Toronto asks feds to step in

Coun­cil ap­peals to PM to stop On­tario coun­cil-cut­ting plan

Standard-Freeholder (Cornwall) - - ONTARIO NEWS - SHAWN JEFFORDS and PAOLA LORIGGIO

TORONTO — The City of Toronto asked the fed­eral gov­ern­ment Thurs­day to stop On­tario leg­is­la­tion slash­ing the size of its coun­cil, an ap­peal is­sued af­ter staff warned that hold­ing a fair mu­nic­i­pal elec­tion next month was be­com­ing vir­tu­ally im­pos­si­ble.

Prime Min­is­ter Justin Trudeau made it clear, how­ever, that Ot­tawa would not block the On­tario gov­ern­ment’s un­prece­dented use of a con­sti­tu­tional pro­vi­sion to push through with its plan to re­duce Toronto’s elec­toral map to 25 wards from 47.

The re­quest for the fed­eral gov­ern­ment to use its dis­al­lowance pow­ers came dur­ing an emer­gency ses­sion at city hall a day af­ter Pre­mier Doug Ford rein­tro­duced coun­cil-cut­ting leg­is­la­tion that was found un­con­sti­tu­tional.

“I would say at this time Mr. Prime Min­is­ter, Toronto needs you,” said Coun. Joe Mi­hevc, who brought for­ward the res­o­lu­tion to ask for Ot­tawa’s as­sis­tance. “We need you at this time to en­force that prin­ci­ple in the Char­ter of Rights and Free­doms that says we are all cre­ated equal within the law and we are all sub­ject to due process.”

A pro­vi­sion of the Con­sti­tu­tion tech­ni­cally per­mits the fed­eral gov­ern­ment to dis­al­low pro­vin­cial leg­is­la­tion, but it was last used in 1943, rais­ing ques­tions in le­gal cir­cles about whether it has be­come ob­so­lete.

Trudeau, speak­ing in Saskatchewan as the Toronto meet­ing took place, stressed he would not change his po­si­tion on the Ford gov­ern­ment’s de­ci­sion to in­voke the not­with­stand­ing clause to forge ahead with its coun­cil-slash­ing plan.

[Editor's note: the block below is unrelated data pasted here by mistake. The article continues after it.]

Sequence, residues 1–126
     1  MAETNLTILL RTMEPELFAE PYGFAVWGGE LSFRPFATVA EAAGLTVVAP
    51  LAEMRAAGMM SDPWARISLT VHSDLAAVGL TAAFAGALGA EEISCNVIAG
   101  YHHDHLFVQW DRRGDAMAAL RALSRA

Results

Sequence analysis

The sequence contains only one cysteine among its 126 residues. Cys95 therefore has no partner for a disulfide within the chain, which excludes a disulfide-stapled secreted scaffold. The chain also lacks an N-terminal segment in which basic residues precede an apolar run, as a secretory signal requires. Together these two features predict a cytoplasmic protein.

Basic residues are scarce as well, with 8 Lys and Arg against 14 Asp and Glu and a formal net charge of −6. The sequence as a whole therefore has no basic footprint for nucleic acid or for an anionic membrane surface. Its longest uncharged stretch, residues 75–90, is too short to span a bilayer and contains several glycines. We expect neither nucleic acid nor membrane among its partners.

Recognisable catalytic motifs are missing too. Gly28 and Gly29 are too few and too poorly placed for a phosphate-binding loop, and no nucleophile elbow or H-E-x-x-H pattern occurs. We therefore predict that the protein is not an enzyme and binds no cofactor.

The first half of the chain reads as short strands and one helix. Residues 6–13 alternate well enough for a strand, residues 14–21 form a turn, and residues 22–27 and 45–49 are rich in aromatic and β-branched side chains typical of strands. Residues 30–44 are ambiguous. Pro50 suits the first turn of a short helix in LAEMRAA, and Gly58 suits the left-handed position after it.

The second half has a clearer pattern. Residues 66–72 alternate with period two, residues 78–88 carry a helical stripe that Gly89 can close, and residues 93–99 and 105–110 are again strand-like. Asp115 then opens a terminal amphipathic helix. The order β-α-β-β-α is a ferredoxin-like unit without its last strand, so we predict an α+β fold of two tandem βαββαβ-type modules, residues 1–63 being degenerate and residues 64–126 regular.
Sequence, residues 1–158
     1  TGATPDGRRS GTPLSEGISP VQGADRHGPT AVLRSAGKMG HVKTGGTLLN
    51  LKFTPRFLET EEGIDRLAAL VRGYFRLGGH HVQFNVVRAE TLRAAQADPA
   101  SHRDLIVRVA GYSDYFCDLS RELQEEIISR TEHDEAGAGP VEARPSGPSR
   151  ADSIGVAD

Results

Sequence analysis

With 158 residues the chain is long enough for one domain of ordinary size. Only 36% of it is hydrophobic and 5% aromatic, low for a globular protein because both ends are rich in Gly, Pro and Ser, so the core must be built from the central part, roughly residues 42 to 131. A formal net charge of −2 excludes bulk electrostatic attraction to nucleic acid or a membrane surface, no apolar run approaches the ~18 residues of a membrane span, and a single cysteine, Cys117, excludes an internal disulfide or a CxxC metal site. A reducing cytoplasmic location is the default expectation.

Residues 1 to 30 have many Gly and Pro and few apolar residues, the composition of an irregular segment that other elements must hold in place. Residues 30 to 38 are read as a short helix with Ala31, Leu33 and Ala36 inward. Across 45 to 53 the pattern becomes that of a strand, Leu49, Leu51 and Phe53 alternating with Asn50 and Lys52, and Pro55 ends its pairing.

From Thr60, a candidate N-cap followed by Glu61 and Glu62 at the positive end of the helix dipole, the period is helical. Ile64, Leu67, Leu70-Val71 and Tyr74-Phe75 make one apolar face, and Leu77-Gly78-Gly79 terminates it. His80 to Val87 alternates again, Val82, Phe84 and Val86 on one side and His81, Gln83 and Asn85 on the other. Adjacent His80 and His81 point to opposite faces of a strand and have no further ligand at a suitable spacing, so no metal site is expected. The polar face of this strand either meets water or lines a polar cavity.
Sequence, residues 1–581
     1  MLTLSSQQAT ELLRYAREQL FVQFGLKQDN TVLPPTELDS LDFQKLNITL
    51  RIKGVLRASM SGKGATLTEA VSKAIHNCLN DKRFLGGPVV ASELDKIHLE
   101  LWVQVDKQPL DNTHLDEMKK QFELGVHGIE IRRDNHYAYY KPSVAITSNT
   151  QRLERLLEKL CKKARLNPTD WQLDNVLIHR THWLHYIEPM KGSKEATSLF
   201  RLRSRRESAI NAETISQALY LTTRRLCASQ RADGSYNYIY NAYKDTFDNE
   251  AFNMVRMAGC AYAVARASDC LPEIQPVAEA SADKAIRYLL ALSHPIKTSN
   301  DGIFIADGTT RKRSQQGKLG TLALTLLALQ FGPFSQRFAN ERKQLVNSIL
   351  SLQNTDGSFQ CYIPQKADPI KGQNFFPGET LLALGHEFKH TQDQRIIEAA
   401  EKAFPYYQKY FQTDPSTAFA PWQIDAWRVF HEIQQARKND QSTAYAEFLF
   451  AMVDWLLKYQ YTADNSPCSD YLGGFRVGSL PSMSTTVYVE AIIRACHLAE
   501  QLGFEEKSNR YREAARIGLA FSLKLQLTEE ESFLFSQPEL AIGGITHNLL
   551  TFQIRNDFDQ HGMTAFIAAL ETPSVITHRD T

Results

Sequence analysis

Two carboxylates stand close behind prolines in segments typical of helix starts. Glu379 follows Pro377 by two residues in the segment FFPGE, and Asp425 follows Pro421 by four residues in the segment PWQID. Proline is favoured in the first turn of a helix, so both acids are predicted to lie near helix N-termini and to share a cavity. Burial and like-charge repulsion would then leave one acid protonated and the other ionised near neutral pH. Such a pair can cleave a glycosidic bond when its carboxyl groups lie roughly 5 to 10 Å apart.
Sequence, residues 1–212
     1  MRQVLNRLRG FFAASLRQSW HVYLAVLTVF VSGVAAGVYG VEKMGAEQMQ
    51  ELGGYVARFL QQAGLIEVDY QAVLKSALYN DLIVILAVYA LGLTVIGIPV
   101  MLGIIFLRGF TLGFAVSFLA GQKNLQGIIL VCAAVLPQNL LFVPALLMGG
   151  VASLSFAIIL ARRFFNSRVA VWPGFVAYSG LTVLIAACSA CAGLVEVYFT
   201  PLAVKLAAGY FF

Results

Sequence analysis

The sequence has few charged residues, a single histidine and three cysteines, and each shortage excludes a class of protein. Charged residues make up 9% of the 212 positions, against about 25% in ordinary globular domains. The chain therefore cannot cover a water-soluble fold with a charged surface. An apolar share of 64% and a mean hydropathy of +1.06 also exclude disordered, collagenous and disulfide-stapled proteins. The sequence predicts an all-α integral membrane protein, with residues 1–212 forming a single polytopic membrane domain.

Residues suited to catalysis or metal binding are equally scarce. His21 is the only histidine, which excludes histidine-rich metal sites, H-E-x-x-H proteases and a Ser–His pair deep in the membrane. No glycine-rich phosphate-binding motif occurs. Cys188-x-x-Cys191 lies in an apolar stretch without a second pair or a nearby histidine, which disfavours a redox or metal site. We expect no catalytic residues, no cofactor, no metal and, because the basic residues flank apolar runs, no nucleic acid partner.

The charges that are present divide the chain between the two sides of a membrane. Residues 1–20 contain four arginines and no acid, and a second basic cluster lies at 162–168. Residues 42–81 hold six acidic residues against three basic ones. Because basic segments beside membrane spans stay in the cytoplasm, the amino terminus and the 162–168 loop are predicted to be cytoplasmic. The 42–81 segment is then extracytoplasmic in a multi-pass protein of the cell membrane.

“I’m dis­ap­pointed that the pro­vin­cial gov­ern­ment chose to take this de­ci­sion to over­ride peo­ple’s rights and free­doms but at the same time, I’m not go­ing to weigh in on the ac­tual de­bate over the size of the mu­nic­i­pal govern­ments in On­tario, in Toronto,” he said. “I don’t think that’s a role that the fed­eral gov­ern­ment needs to take on.”

Mean­while, the city of­fi­cial re­spon­si­ble for run­ning Toronto’s Oct. 22 elec­tion said ev­ery de­lay re­sult­ing from the bat­tle be­tween the prov­ince and the city af­fects her abil­ity to en­sure fair­ness in the vote, re­gard­less of whether it in­volves 47 or 25 wards.

“We have hit a tip­ping point,” said Ulli Watkiss. “Both sce­nar­ios are be­com­ing vir­tu­ally im­pos­si­ble for us to carry out.”

Toronto had chal­lenged the prov­ince’s coun­cil-cut­ting leg­is­la­tion in court and a judge agreed that pass­ing the bill in the mid­dle of mu­nic­i­pal elec­tion cam­paign vi­o­lated the free­dom of ex­pres­sion rights for vot­ers and can­di­dates.

But Ford quickly an­nounced he’d use the not­with­stand­ing clause to over­ride the rul­ing. His gov­ern­ment is also ap­peal­ing the de­ci­sion.

Toronto coun­cil­lors de­cided Thurs­day to con­tinue to fight the prov­ince’s leg­is­la­tion in the courts, with Toronto Mayor John Tory say­ing the city had to pur­sue all le­gal op­tions re­gard­less of the odds.